The faint, but steady, rhythm of galloping horses grew louder in the early afternoon air. A flash of color showed in a copse of mesquite trees and then disappeared into a small gully. Seconds later, six horses emerged, followed by a red coach painted with yellow accents of the Bain and Company line. Near Spengler’s blacksmith shop at the edge of town, the team slowed to a trot then eased to a walk.
He sucked in a deep breath. Brett brushed a hand over his shirt and dusted the top of his boots against the backs of his pantlegs. So many months had passed—eighteen in total. The image of a teary-eyed Emma, seated at her father’s side, waving goodbye from the buggy passed through Brett’s mind. He’d ridden as far as the wooden arch marking the southern entrance to the ranch and watched with stinging eyes as Kurt Wallache drove his only daughter into town…and out of his life. The boss’s explanation of satisfying his late wife’s wish for Emma to receive special cultural training had never made much sense. What in blue blazes did a Texas ranch wife need to know about big city culture?
Water splashed as the wheels rolled through puddles of snowmelt. “Whoa there.” The stocky driver pulled back on the reins a couple of rods down the street. The chains on the whippletree clanked.
The horses stopped parallel to the square loading platform that jutted four feet into the street. Steam puffed from their nostrils like from a boiling tea kettle, making an erratic huffing melody.
More excited than he wanted to admit, Brett tugged on the front of his long coat just to keep his hands busy. What he wished he could do was storm the stagecoach and yank open the door so he didn’t have to wait another moment to see Emma’s beautiful face. But he didn’t want to scare her with his brashness. Instead, he leaned a shoulder against the stage office wall and watched as the driver hopped down and took his time checking the harness and double-trees before moving to the coach door.
The lean shotgun rider alighted and moved to the back to unbuckle the straps holding the luggage.
On this cool day, all the leather window flaps were lowered to keep the inside as warm as possible.
First to climb out were a couple of familiar ranchers, Misters Pallaton and Fremont, with whom he had a nodding acquaintance. An action he made in deference to his position as foreman of a prominent nearby ranch. The next two passengers were chatty women with upswept hairdos and hats with doo-dads and gee-gaws that looked like they were ready for a fancy-dress ball.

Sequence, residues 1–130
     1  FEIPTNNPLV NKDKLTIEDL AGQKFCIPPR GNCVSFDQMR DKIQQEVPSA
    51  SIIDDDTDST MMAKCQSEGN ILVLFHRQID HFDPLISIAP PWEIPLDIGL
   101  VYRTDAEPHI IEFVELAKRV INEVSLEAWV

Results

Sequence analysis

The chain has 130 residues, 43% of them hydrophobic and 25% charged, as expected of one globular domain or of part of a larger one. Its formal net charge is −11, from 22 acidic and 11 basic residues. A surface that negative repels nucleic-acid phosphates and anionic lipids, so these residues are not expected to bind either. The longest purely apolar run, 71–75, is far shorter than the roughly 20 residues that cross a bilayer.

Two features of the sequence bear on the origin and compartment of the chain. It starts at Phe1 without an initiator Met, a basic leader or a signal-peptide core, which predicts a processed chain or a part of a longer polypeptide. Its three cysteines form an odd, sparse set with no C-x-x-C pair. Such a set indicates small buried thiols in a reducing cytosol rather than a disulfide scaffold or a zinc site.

The driver held the elbow of an elderly woman who set down a cane into the wooden step before disembarking.
Then no one else emerged.
Where was Emma? He pushed off from the wall, strode to the coach, and stuck his head inside. Empty. He eased to a stand, disappointment slumping his shoulders. Had she missed this morning’s stage in San Antonio?
Aunt Nadine often commented how Emmaleigh matured during her time spent in Boston—a three-month visit that kept being extended until a year and a half passed since she left her hometown. So, maybe Emmaleigh understood how Brett overlooked her. After walking right by the man who’d taught her to ride and rope and seeing him not give as much as a double take, Emmaleigh positioned herself near the stagecoach office door. Waiting for Brett to recognize her, she resisted glancing at her reflection in the office window.
For years, they’d been best friends and spent hours together daily. True, though, she’d left Texas dressing and acting like a tomboy. But upon arriving at Aunt Nadine’s, she’d been admonished about the inappropriateness of her split skirts, chambray blouses, and square-toed boots. Aunt Nadine went into a tizzy about the inadequateness of her brother’s handling of his only daughter.
Even before tea was served, the maid provided warm water to refresh herself then helped Emmaleigh into an acceptable dress and touched up her hairdo. She whisked away the offensive clothes, stating the mistress ordered them be saved for the church’s poor box.
Although she’d fought the new clothing styles at first, Emmaleigh gradually came around to her aunt’s way of thinking. Young women of good breeding and means needed to dress the part. Emmaleigh had grown used to fabrics of finer weaves and intricate dress styles designed to accent her recently acquired curves. Granted, her wardrobe was more sophisticated, but had she really changed that much?
As he passed, she’d noted he now wore his thick hair longer and his skin glowed tan from spending time outdoors. Growing older broadened his shoulders and sharpened his features, but Brett Haynes was still the most handsome man she’d ever met. His ever-present red kerchief hung around his neck.
Seeing Brett inspecting the empty coach prompted her to give up on being recognized. She gave her braided bun a pat before smoothing a hand over her burgundy velveteen knee-length coat with mother-of-pearl buttons. The modiste Aunt Nadine hired assured Emmaleigh the color complimented her fair complexion. Squaring her shoulders, she glided to the center of the platform and tucked her hands into a rabbit fur muff.
Brett turned and scanned the platform and boardwalk, his gaze finally settling on the lone waiting person. First, his brown eyes popped wide and then, his jaw dropped an inch or so.
His surprise looked as comical as Lord Dundreary in “Our American Cousin” which she’d seen at the Globe Theater last month.
“Emma?” After thumbing back the brim of a broad-brimmed, ranch hat, he tromped closer and leaned down to squint at her face. “What in tarnation have you done to yourself? Is that rouge painted on your cheeks?” He crossed his arms and shook his head. “If your father sees that, he will turn you over his knee.”FREE in Kindle Unlimited
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